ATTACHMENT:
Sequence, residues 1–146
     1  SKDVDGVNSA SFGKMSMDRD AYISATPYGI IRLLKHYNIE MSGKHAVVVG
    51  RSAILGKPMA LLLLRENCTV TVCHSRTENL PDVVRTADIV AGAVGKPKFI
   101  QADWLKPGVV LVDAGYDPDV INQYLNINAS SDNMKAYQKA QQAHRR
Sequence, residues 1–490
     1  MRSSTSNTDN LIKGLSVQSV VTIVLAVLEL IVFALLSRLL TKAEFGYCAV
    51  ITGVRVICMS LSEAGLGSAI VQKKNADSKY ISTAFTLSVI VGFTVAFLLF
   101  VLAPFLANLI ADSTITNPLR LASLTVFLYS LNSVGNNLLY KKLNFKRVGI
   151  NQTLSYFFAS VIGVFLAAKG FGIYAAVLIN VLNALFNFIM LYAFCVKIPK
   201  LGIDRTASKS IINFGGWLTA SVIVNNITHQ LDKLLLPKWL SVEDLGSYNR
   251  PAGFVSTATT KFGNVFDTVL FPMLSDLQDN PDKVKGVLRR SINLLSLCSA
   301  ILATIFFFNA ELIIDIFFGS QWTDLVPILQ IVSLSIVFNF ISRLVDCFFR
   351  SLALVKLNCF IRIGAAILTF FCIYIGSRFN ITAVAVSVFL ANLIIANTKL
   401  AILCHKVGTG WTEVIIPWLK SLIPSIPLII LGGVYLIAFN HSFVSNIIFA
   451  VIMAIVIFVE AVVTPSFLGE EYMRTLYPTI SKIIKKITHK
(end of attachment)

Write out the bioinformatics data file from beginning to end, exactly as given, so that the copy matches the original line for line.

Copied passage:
Sequence, residues 1–146
     1  SKDVDGVNSA SFGKMSMDRD AYISATPYGI IRLLKHYNIE MSGKHAVVVG
    51  RSAILGKPMA LLLLRENCTV TVCHSRTENL PDVVRTADIV AGAVGKPKFI
   101  QADWLKPGVV LVDAGYDPDV INQYLNINAS SDNMKAYQKA QQAHRR
Sequence, residues 1–490
     1  MRSSTSNTDN LIKGLSVQSV VTIVLAVLEL IVFALLSRLL TKAEFGYCAV
    51  ITGVRVICMS LSEAGLGSAI VQKKNADSKY ISTAFTLSVI VGFTVAFLLF
   101  VLAPFLANLI ADSTITNPLR LASLTVFLYS LNSVGNNLLY KKLNFKRVGI
   151  NQTLSYFFAS VIGVFLAAKG FGIYAAVLIN VLNALFNFIM LYAFCVKIPK
   201  LGIDRTASKS IINFGGWLTA SVIVNNITHQ LDKLLLPKWL SVEDLGSYNR
   251  PAGFVSTATT KFGNVFDTVL FPMLSDLQDN PDKVKGVLRR SINLLSLCSA
   301  ILATIFFFNA ELIIDIFFGS QWTDLVPILQ IVSLSIVFNF ISRLVDCFFR
   351  SLALVKLNCF IRIGAAILTF FCIYIGSRFN ITAVAVSVFL ANLIIANTKL
   401  AILCHKVGTG WTEVIIPWLK SLIPSIPLII LGGVYLIAFN HSFVSNIIFA
   451  VIMAIVIFVE AVVTPSFLGE EYMRTLYPTI SKIIKKITHK